To my 10-year-old daughter, the term "American Girl" means "that store my meanie of a mom—unlike all the other, higher-quality moms—won't let me go near." While we're on the defensive, why should I? She hates dolls, and I—creeped out by row upon row of homogenized mannequins with staring Stepford Wife eyes and designer threads—get nauseous within 50 feet of that posh emporium, which peddles multiculti feminism with an outrageous price tag.
Such are the cultural contradictions of corporate capitalism: As Disney is to tales of plucky small-town proles hurdling adversity through hard work and decency, so the American Girl franchise, a subsidiary of that mom-and-pop outfit Mattel, is to our nation of happy rainbow families, celebrating our shared values while honoring our differences. Could be worse, I guess, but with their sturdy ethnic heroines—African-American, Native American, and every other American you can think of—overcoming poverty and discrimination, the American Girl books are as predictable as they are proto-feminist and inclusive.
A trial balloon sent up to test the ether for extending the franchise, Kit Kittredge: An American Girl is no exception. Based on several American Girl stories about a 1930s cub reporter in Cincinnati, this dull theatrical debut especially disappoints because I'm usually fond of square, sepia-toned, period-costumed kids' movies (like Fly Away Home) that go nowhere at the box office. This one could go somewhere: As the opening weekend of Sex and the City showed, gee whiz, there's a distaff market out there, so why not tap the little ones?
With Julia Roberts as executive producer, and Mattel exec Ellen L. Brothers co-producing, Kit Kittredge has some heavy female muscle behind it, and they hired what ought to have been a class-act creative team. Written by Ann Peacock (The Chronicles of Narnia) and directed by Canadian indie filmmaker Patricia Rozema, the movie stars Little Miss Sunshine's Abigail Breslin as Kit, a feisty, can-do Midwesterner from a comfortable family who's covered every surface of her bedroom with pictures of role models Eleanor Roosevelt and Amelia Earhart. Kit is a girl reporter in search of a subject; one quickly presents itself in the form of the Great Depression, which here falls on rich and poor alike, as Kit discovers when—a touch improbably—she bumps into her car-dealer father (Chris O'Donnell) lining up at the soup kitchen. With noblesse oblige no longer an option and Dad off to Chicago to seek work, Ma Kittredge (the oddly cast Julia Ormond, not everybody's idea of a folksy frau) starts renting rooms to the poor, the needy, and the charismatically colorful of all classes and races.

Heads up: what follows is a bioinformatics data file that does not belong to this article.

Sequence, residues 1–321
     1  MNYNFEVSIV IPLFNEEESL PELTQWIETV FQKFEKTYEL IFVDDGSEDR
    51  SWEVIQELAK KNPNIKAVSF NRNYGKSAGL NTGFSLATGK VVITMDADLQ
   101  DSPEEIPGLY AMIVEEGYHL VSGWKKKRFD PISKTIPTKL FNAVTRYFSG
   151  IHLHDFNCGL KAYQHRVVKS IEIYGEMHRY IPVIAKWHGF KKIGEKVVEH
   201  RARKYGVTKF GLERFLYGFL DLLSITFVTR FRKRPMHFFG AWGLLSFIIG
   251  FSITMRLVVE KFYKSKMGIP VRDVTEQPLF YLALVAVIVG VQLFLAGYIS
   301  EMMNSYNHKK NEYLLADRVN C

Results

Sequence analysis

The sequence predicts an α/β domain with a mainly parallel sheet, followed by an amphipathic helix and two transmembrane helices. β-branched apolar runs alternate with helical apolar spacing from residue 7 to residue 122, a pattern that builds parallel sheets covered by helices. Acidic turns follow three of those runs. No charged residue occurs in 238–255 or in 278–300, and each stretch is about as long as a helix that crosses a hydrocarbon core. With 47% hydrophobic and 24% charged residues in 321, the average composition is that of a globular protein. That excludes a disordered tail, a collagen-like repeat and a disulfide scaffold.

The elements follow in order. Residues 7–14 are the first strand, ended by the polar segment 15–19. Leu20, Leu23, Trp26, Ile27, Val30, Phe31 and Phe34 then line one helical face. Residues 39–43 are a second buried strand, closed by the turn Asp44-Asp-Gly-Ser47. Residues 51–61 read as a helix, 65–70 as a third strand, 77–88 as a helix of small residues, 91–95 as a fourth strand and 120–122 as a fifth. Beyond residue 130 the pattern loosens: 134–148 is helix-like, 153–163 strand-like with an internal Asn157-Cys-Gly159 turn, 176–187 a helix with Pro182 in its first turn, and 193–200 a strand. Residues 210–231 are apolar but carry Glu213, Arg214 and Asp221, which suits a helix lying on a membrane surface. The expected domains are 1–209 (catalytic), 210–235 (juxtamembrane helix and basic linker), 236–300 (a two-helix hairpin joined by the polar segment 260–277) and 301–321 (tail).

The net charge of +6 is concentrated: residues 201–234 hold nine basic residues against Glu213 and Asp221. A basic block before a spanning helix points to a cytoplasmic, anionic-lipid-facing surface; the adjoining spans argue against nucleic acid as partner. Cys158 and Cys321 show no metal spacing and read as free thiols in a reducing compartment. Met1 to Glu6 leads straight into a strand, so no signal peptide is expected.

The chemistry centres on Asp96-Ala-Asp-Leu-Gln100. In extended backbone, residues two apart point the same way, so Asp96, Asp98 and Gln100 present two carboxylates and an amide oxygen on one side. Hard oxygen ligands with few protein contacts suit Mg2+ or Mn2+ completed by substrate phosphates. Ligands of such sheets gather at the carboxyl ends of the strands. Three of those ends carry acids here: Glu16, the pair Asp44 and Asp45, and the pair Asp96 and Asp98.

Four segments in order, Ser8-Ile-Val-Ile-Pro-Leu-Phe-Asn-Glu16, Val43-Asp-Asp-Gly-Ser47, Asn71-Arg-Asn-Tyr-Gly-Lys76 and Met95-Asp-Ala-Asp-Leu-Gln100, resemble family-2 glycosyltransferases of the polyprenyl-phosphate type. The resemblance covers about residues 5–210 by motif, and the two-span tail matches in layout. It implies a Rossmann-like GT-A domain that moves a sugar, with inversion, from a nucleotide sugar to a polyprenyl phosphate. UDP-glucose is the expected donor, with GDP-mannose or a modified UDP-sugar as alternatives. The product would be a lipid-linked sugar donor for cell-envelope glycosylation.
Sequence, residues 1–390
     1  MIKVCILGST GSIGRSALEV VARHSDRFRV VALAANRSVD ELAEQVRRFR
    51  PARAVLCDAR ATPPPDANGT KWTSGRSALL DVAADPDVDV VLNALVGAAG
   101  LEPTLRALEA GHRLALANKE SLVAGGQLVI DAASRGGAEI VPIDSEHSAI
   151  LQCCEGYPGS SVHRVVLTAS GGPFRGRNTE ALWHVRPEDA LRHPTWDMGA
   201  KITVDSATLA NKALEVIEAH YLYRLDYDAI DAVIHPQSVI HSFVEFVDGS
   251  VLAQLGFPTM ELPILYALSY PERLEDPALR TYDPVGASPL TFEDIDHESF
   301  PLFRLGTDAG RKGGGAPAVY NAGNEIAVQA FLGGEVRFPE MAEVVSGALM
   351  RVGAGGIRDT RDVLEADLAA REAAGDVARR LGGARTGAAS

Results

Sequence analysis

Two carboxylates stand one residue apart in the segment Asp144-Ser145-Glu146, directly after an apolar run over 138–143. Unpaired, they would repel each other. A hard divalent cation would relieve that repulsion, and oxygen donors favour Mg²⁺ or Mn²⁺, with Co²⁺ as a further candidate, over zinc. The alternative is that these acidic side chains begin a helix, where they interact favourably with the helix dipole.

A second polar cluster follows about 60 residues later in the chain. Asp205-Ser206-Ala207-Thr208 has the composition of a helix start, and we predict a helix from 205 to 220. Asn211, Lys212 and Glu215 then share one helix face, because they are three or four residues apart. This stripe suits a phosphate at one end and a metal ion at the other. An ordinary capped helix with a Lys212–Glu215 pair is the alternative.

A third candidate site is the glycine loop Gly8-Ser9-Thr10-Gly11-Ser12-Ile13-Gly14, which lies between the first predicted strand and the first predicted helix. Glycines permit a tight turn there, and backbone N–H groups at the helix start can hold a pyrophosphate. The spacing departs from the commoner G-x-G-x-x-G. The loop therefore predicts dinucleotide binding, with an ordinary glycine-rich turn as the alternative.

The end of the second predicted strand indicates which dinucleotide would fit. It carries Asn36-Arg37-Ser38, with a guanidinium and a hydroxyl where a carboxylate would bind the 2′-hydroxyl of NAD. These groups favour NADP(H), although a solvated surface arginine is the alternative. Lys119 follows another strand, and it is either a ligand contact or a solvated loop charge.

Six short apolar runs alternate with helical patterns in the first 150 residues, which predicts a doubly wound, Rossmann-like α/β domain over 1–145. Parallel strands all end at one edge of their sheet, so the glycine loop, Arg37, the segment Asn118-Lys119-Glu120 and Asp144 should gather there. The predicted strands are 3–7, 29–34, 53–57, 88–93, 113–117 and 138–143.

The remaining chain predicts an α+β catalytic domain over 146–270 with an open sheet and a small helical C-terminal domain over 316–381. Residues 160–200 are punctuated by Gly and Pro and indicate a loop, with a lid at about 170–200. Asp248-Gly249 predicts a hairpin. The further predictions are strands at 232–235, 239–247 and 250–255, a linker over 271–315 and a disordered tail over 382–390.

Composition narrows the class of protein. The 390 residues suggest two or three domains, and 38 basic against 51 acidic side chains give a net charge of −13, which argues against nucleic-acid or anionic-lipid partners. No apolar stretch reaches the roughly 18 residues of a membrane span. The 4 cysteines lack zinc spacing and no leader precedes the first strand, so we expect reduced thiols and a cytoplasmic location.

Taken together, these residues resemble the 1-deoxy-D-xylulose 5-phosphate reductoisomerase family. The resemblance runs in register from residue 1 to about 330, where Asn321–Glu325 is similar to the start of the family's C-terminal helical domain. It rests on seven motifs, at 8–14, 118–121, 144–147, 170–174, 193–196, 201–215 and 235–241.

Pretty as a picture in butterscotch lighting and period dress, Kit Kittredge spins its wheels for close to an hour, waiting for something villainous to show up. When it does, in the form of profiteers led by Stanley Tucci and Joan Cusack, the movie's pulse quickens ever so slightly as Kit and her rag-tag new friends get on the case—but not enough, unfortunately, to get a serious plot afloat. Instead, widespread worthiness ensues: Kit gets a byline; Mom invites the unwashed to stay for Thanksgiving; and poof goes penury, taking racism and class inequality with it.
That resolution brought tears to the eyes of my two tween companions, who liked the movie much more than their crabby chaperone. She continues to cling stubbornly to the dowdy notion that kids deserve better than a sugarcoated portrait of our past or, for that matter, our present. Talk all you like about sisterhood and national solidarity, but I'd love to know what it's like to watch Kit Kittredge when your house has just been foreclosed, or your credit jacked up without warning—or, like the movie's distributors, New Line and Picturehouse, you've just been handed the pink slip from the parent company.
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